I’ve had a number of clients over the years comment that noncompetition agreements aren’t enforceable. As a blanket statement, that’s simply not true, although some states — most notably California — severely restrict them.
It is true that courts aren’t big fans of restrictive covenants. And it’s not unusual for a court to refuse to enforce a noncompetition agreement. However, it’s often the case the problem lies in the noncompetition agreement itself when considered in the context of applicable law.
A case in point is the noncompetition agreement at issue in NanoMech v. Suresh, an 8th Circuit case which was filed last month. In that case, NanoMech tried to enforce a noncompetition agreement against a former employee who went to work for a competitor. Applying Arkansas law, the federal district court refused to enforce the noncompetition agreement, and the 8th Circuit affirmed the decision.
Here’s the provision:
The Employee agrees that during the term of this Agreement, and for two (2) years following termination of this Agreement by the Company, with or without cause; or, for a period of two (2) years following a termination of this Agreement by the Employee, the Employee will not directly or indirectly enter into, be employed by or consult in any business which competes with the Company.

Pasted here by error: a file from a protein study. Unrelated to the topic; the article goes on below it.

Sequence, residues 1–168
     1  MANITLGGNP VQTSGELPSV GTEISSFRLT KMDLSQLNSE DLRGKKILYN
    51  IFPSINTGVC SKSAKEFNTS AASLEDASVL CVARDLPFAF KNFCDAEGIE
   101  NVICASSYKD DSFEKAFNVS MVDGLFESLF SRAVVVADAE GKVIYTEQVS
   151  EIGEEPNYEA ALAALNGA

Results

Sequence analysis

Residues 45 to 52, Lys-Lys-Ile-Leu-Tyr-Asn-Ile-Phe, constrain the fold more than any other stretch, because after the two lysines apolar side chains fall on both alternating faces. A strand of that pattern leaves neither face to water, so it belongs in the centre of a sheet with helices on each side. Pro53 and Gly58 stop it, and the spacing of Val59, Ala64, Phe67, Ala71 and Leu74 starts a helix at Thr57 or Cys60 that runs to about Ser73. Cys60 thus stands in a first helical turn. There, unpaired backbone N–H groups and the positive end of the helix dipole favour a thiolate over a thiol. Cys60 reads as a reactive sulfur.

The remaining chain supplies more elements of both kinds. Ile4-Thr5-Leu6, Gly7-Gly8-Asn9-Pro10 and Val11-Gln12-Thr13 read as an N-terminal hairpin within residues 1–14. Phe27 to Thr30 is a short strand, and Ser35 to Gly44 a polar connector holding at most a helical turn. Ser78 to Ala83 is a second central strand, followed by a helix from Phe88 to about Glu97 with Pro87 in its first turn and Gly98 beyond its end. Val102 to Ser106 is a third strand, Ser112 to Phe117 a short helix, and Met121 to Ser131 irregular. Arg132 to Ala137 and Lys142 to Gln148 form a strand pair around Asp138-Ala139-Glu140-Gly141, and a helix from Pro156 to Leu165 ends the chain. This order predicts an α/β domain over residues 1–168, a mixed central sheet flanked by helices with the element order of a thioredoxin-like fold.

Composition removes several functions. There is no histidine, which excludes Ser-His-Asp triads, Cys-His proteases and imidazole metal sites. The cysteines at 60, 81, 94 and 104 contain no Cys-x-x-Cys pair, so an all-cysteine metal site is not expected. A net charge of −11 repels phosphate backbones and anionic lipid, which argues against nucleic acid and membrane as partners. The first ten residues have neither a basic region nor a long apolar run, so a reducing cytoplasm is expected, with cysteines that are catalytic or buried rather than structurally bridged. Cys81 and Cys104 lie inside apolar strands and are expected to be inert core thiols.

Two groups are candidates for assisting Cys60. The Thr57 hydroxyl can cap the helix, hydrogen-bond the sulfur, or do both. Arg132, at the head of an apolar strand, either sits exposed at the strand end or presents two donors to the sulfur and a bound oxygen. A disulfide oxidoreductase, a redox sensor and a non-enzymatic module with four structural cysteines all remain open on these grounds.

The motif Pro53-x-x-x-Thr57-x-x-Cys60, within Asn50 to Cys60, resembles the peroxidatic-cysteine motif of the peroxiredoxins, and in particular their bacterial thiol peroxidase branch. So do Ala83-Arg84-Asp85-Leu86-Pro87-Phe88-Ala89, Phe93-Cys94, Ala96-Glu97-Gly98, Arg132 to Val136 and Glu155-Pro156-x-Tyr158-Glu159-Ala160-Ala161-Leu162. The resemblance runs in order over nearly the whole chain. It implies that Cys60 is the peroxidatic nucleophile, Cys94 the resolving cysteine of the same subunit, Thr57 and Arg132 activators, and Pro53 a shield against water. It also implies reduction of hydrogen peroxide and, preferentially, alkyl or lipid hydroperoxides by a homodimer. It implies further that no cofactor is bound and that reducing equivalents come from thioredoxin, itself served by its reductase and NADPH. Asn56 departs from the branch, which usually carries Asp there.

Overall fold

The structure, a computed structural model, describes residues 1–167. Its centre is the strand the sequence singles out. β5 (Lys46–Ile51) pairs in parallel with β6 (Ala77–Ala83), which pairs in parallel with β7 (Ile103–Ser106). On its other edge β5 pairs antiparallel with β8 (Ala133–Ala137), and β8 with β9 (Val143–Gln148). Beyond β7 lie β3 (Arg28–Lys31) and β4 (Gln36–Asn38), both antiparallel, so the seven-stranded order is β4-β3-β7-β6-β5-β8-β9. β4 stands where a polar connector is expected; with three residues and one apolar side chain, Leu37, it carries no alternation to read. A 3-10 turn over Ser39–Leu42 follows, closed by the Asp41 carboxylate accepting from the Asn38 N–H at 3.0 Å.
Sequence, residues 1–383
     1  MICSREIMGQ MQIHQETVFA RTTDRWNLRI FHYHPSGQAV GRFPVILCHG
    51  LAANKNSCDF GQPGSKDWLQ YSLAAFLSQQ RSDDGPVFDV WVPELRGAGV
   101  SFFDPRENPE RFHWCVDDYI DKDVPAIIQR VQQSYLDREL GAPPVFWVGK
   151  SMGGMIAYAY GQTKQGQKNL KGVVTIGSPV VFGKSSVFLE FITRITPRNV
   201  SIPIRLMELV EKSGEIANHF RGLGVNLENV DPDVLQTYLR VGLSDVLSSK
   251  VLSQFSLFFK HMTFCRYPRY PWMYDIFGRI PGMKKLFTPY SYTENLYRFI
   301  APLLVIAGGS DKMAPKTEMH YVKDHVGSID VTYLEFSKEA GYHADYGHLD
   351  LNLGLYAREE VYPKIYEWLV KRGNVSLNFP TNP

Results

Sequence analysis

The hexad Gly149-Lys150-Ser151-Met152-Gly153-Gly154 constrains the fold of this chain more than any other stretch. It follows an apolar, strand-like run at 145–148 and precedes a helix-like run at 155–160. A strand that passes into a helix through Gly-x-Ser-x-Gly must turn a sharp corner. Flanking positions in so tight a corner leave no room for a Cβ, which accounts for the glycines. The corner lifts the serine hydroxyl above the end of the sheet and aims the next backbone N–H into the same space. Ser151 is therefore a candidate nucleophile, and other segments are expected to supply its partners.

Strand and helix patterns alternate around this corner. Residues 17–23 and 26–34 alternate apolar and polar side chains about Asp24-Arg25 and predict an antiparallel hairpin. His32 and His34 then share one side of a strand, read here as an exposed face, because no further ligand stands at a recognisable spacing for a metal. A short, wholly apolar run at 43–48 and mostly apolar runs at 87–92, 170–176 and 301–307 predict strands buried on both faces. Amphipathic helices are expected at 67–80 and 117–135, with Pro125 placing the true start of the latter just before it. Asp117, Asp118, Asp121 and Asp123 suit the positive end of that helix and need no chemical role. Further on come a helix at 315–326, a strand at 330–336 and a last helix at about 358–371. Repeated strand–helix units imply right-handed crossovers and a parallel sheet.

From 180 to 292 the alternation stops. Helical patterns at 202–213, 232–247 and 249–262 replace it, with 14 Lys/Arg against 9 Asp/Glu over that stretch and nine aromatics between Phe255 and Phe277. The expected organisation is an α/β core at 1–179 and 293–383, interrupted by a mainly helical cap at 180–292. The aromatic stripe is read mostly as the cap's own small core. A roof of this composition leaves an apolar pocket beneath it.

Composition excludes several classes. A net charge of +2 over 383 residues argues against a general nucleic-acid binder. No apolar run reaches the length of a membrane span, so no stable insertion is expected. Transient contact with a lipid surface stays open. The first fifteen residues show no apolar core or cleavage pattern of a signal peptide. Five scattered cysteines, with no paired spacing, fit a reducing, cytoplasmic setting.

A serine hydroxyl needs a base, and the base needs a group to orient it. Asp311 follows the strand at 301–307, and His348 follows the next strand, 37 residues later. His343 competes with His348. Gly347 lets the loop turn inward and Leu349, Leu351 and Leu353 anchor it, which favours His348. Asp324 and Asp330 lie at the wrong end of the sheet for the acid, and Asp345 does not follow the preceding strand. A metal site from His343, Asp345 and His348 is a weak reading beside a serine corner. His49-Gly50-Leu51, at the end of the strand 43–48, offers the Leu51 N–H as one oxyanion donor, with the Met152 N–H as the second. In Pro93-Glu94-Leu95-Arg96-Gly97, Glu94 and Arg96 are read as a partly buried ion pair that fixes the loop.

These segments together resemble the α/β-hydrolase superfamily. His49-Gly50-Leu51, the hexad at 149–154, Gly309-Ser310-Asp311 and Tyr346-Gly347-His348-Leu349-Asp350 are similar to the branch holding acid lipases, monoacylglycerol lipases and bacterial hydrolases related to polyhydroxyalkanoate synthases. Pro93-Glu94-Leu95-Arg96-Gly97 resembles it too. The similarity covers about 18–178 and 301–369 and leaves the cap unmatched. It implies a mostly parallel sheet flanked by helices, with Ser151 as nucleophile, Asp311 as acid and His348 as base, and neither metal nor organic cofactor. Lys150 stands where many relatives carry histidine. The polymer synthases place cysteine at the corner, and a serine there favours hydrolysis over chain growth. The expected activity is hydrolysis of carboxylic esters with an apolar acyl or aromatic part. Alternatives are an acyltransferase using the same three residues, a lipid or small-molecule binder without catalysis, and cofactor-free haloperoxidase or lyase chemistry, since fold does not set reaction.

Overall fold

Note that the provision is not limited in geographic scope or as to the NanoMech competitors to which it applies or the activities Suresh is prohibited from performing. This proved fatal to NanoMech’s claim.
Noncompetition agreements are enforceable only if they are reasonable because courts don’t like restraints on trade. Under Arkansas law noncompetition agreements are deemed reasonable restraints of trade — and thus enforceable — if they are “no greater than what is reasonably necessary to secure the interest of the party protected by the contract and is not so broad as to be injurious to the public interest.”
As stated by the 8th Circuit, a noncompetition agreement is enforceable under Arkansas law if it meets this rule: “(1) the [employer] must have a valid interest to protect; (2) the geographical restriction must not be overly broad; and (3) a reasonable time limit must be imposed.” The court also noted that under Arkansas law, noncompetition agreements must be valid as written, and courts aren’t permitted to narrow them, as is the case in many states.
The district court held that NanoMech’s noncompetition agreement was unenforceable because it didn’t contain a geographic restriction and it didn’t define what activities Suresh was prohibited from performing for a NanoMech competitor. The 8th Circuit affirmed using the same reasoning.
For a discussion of the law in Missouri, see my post Non-Competes in Missouri, in which I discuss the state of the law in Missouri and provide some tips for ensuring that your noncompetition agreements are enforceable.
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